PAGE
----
The march of Bollywood was in its element
when in August 2002 there was the release of a new comedy
called The Guru. Jimi Mistry played a young Indian dance instructor mesmerized
by Broadwayís footlights a world away.
Transfixed on a friendís promise of a New
York penthouse, a red Mercedes and an endless chorus line of blonde Baywatch babes,
Indiaís lord of the dance is going to make it big in America.
The road to fame
in New York is no magic carpet ride and Ramu winds up juggling the waiterís tray
at an Indian restaurant and any audition that comes along.
When Dwain of Ramrod
Productions calls, Ramuís naked enthusiasm swiftly turns to stagefright when he
discovers he is the unwitting star of an adult movie. A shy Ramu cannot rise to
the occasion and despite sexual enlightenment from his co-star Sharonna (Heather
Graham,) quickly finds himself jobless on all fronts.
The film also features star of The Kumars at No. 42Sanjeev Bhaskar
who tells us about the current trend in Bollywood movies and British Asian comedy's
influence on the UK mainstream.
OutUK: Why have Goodness Gracious Me and The Kumars at Number 42
been popular with such a broad TV audience? Sanjeev: I think GGM was popular because although it was written
and performed by British Asians, the humour was quite universal, it was quite
popular around the world. Everyone could relate to the characters, it just so
happened that these characteristics lived in Indian bodies. The Kumars similarly,
is really about a family, some countries are now developing their own version of the Kumars.
OutUK: Goodness Gracious Me has been described as ďthe oil of race
relationsĒ Ė what if any influence do you think it has had on breaking down prejudices
towards Ďethnicí races in Britain? Sanjeev: Itís probably too early to tell whether GGM has played
any long term part in breaking down prejudice, but certainly as far as TV is concerned
it informed people that Asians had a sense of humour and that it could be quite cool
to be Asian. Films like East is East and Bend it Like Beckham have done so for
a film going audience. Itís just that TV programmes reach a far wider audience than any
film does. Asians have always been cool incidentally, itís just that we didnít bother
OutUK: Many comedians base characters on family members Ė how much
of an inspiration was your family for the Kumars? Sanjeev: My family was the spark of inspiration for the Kumars as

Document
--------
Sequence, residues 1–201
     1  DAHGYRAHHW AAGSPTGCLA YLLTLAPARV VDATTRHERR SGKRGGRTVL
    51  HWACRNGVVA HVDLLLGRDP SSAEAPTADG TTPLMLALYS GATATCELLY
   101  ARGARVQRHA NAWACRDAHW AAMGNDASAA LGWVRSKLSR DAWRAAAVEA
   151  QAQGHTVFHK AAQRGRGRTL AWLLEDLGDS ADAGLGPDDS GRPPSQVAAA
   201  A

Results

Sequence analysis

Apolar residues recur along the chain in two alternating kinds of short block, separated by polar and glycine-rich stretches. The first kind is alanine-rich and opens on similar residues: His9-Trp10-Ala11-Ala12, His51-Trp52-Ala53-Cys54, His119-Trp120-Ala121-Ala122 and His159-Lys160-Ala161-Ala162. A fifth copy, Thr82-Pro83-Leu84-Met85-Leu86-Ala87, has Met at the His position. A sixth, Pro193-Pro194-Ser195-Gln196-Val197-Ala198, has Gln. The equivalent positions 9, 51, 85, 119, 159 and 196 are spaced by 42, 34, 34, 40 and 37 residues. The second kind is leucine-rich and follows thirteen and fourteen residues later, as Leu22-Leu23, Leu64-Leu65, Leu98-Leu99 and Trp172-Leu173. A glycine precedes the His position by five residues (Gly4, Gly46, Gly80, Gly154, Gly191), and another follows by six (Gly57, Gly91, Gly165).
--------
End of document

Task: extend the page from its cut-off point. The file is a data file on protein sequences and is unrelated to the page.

were other members of my extended family. The granny was the sort of granny I hoped
I would turn intoÖ if I was in a position to do soÖ most of the stuff Iíve written
is based on experience or observation, so everything becomes potential material.
OutUK: Are the Kumarsí idiosyncrasies typical of British Indian
culture, or could they be applied to many other families such as The Royle Family?
Sanjeev: The Kumarsí idiosyncrasies could be applied to any family.
Dadís obsessive about money because he happens to be a business man, in another
family it could have been train sets or talking about his car etc.
OutUK: Who has been the most memorable guest youíve had on the chat show?
Sanjeev: There have been many memorable guest on the show: Michael
Parkinson, because he really is the king of chat shows in Britain. Martin Kemp,
because he was the first Ď80s pop star Iíd ever met. Minnie Driver, because she
was so surprisingly down to earth, Stephen Fry, because he has the widest general
knowledge of anyone I ever metÖthe list goes on.
OutUK: What effect is British Asian comedy having on mainstream British comedy?
Sanjeev: Again itís too early to tell the effects of British Asian
comedy on the mainstream. Thereís only been a couple of tv shows and a handful of films.
Thereís very few British Asian actors who can do comedy at the moment, and even
fewer that write, but hopefully that will change. Actually I donít think thereís
a great difference between British Asian comedy and British comedy, so there!
OutUK: How did you become involved with The Guru? Sanjeev: I was working with Jimi Mistry on a film called The Mystic Masseur
when he was auditioning for the part of Rami. I went through some scenes with him,
and when he got the part, he generously suggested me for some involvement. The
producer rang me and asked if I would act as a dialogue coach on the movie, and then
realising my true passions offered me a small part in the film too. I ended up having
several small jobs on the film, which was great as I got to be involved in parts of
film making that I wouldnít normally. Also I got to hang out with Jimi and Emil
(also in the movie) in New York for a few weeks. How cool is that?
OutUK: The Guru mixes the Hollywood and Bollywood movie cultures Ė does this work for you?
Sanjeev: The Guruís mix of Bollywood and Hollywood sits very comfortably
with me, just as any John Woo film is a mix of Hong Kong cinemas and Hollywood.
A mixture of styles is something that audiences donít find alien anymore. A lot of
Hollywood films are remakes of European films anyway, so the styles are really
beginning to be mixed up. Thereís very few Hollywood films that have used elements
of Bollywood, so itís quite a new thing and I think people will find it really entertaining.
OutUK: Do you think the Guru will act as a springboard for Bollywood
style film in global mainstream cinema? Sanjeev: Iím not sure that The Guru will act as a springboard but
it will certainly remind people that there does exist the option of trying new things
and even mixing in a Bollywood element. Bollywood is much bigger than Hollywood,
more films are produced in India every year probably than Hollywood and Europe combined.
Betcha didnít know that!!
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